Hip Shots

September 3, 2010

ComicCon Baltimore

By Christina Gay

The “Hip Shots” series of Doodlemeister.com photographs will feature images that were grabbed “on the fly” with little or no regard for framing and focus. The object of the exercise being to create dynamic pictures, not perfect ones. With this ” shoot-from-the-hip” method, the more frames  exposed, the better the chances are that you’ll come up with something interesting—a related series that can be arranged as a three-image post. If you’d like additional tips for using the technique, or to submit your own pictures, drop a question or note in the “Leave a Comment” section, below. Meanwhile, click on these images for a larger view, and click the “Hip Shots” tag above for more examples. Tune in next Friday for another post in the series.

Copyright © 2010 Christina Gay.

What, HIM Worry?

May 29, 2008

The above poster for Rick Parker’s cartoon art exhibit and studio tour Sunday, June 1, reminds me—in a very positive creepy way—of someone I saw a lot of back in the 1950s. He appeared just about every week on a magazine cover and I was always one of the first kids in line at the corner candy store to get my copy, fresh off the press—or out of the crypt, or wherever. Perhaps you know the old friend I’m talking about. If you’re anywhere near South Orange this Sunday don’t miss Rick’s show—it promises to be scary cool and very funny.


And the Default Winner Is . . .

May 17, 2008

Doodle Challenge Results

Some of us will recall that this current spate of “doddlemania” began way back on May 7, 2008, as a result of a request I made at the end of my first-ever blog post—the one titled “Doodlemeister.com Loves Doodles.” In my closing note that day I asked for submissions of a favorite doodle of your own. That first post drew 12 comments, but only one person entered the contest. (Not that it was really a contest, but, rather, more of a call for entries for a possible exhibition. If I received any doodles I pledged to post some of the best ones once I figured out how to do it.) Rick Parker was the only mother’s son (forgive the cliché but I’m still in my Mother’s Day mode) who came through for me. And a very nice guy he is, judging by our brief email exchange. In one of his missives he was even nice enough to gently point out that I had made the old “i” “e” transposition error in my logo doodle and throughout the post, thus demonstrating my highly refined knack for misspelling anything, even the title of my very own brand new blog. (That’s my own analysis, being a good guy Rick didn’t say that right out.)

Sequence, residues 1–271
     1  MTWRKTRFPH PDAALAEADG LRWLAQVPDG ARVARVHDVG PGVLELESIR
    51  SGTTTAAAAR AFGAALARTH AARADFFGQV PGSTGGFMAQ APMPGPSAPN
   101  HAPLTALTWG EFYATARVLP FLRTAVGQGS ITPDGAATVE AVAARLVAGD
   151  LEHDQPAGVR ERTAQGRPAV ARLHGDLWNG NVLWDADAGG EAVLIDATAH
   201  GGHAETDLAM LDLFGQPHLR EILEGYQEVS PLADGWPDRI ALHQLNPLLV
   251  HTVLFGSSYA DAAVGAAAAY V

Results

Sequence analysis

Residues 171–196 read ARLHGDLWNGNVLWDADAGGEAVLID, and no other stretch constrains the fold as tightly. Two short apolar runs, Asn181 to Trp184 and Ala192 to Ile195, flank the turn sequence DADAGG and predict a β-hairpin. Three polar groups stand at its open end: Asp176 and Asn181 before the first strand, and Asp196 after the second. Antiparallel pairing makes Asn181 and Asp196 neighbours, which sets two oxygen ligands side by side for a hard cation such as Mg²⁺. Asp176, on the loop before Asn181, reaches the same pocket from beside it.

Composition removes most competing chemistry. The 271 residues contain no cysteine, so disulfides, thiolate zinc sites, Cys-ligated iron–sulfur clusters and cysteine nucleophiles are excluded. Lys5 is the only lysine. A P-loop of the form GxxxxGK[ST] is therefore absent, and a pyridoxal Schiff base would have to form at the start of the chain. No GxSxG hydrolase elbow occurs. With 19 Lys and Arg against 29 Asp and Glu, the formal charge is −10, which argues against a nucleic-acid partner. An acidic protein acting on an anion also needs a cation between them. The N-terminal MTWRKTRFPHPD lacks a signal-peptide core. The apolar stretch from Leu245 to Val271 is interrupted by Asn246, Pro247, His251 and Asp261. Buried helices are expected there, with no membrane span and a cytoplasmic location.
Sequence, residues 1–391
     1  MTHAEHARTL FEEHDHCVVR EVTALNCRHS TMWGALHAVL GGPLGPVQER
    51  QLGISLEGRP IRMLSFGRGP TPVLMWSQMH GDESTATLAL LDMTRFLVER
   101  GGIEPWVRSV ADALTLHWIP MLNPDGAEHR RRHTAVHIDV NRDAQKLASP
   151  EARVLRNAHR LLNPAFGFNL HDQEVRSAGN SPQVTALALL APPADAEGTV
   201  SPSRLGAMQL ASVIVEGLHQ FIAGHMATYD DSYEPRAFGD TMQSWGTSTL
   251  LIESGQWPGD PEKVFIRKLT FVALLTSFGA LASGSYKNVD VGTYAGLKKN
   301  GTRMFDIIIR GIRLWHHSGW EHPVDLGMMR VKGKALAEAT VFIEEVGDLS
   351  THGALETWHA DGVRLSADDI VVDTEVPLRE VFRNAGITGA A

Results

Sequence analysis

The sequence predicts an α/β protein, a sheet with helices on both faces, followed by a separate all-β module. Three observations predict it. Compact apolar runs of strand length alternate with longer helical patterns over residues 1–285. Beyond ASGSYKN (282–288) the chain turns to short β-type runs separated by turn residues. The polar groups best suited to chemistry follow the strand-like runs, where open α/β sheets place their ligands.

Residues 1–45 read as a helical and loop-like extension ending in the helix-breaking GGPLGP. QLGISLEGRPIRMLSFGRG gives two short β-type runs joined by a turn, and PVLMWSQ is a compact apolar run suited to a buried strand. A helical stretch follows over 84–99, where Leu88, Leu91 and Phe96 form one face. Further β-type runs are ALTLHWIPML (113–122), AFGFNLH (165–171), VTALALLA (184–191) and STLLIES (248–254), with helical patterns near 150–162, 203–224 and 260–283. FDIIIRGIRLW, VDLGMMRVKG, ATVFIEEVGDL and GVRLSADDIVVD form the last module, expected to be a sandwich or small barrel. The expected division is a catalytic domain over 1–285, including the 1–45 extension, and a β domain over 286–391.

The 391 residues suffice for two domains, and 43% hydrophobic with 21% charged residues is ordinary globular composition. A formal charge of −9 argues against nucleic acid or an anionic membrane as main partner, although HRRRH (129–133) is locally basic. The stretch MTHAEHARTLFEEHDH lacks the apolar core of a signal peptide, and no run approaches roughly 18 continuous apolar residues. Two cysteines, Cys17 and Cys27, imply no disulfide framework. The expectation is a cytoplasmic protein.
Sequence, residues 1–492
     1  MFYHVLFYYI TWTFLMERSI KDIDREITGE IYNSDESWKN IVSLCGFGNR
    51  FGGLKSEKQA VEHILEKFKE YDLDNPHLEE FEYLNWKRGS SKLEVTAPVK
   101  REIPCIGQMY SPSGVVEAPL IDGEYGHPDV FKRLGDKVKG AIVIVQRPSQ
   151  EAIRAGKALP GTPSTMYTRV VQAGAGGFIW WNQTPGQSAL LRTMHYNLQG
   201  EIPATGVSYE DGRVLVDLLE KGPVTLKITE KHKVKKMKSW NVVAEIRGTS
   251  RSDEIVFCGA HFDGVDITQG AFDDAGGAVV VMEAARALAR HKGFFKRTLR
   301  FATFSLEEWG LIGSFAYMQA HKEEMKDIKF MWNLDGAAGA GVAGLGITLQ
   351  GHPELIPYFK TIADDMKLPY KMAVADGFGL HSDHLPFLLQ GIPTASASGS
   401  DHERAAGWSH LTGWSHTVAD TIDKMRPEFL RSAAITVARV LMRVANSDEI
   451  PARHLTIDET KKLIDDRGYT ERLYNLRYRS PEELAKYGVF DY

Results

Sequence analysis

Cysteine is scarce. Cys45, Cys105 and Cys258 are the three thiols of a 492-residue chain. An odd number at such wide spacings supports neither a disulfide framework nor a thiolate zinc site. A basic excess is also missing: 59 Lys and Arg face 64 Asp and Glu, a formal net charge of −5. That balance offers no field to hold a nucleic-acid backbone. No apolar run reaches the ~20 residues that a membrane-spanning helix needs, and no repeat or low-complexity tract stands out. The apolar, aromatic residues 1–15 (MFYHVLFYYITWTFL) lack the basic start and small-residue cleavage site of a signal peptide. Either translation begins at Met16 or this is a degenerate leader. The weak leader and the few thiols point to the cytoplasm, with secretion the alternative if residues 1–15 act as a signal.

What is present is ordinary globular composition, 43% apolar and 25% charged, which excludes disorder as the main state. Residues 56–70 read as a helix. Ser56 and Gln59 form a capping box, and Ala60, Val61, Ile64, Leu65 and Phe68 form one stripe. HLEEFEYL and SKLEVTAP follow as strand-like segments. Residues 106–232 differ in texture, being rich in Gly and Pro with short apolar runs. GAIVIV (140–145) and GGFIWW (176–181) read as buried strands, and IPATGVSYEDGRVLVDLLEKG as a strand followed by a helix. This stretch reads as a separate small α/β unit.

As you see, Rick’s doodle shows a Schrek-like figure standing (sitting?) up to his chest in some sort of liquid (water? milk? molasses?). But why is he holding that sign? And what’s the number nine signify? I was intrigued. In his brief note Rick explained that his idea was to imagine what a number would look like if it were a person. Clever concept, I thought, and it instantly occurred to me that you could do the same thing with letters. For example, how would a capital letter “B” person appear? Or, for that matter, a lowercase “b” person? There’s no end to the possibilities, of course, especially with numbers; you could start with zero and work your way up into the primes. You’d have enough material to last thousands of lifetimes! I love it when a doodle gets me going like this, or, as my mother liked to say, “sets me to thinkin’.”

As far as I know, Rick didn’t exploit his concept beyond the Number Nine Person he came up with back in ’93, the one we see above. (Note to Rick: When (if) you read this, let us know what you planned—cartoon feature? comic strip? children’s book? illustrated card deck?—and did you get any farther than your very cool Mr. Schrekadoodle? As my mother would say, “We sure would like to hear from you on that subject.”

I copied this bit of Rick’s bio from his blog: Probably best known as the artist of MTV’s Beavis and Butt-Head Comic Book. I was also on staff at Marvel Comics for many years and did lettering and production work in the 1970’s and 1980’s. Currently drawing the Introductory pages featuring the Old Witch, The Vault Keeper and the Crypt Keeper for Jim Salicrup’s new release of Tales From The Crypt published by PaperCutz. I also teach comic art in the public and private school systems and have conducted classes in comic strip creation and seminars at the Newark Museum.

You can find the link to rick’s cartoon blog in the sidebar under “cartoons” and “blogroll.” Copyright © 2008 Jim Sizemore.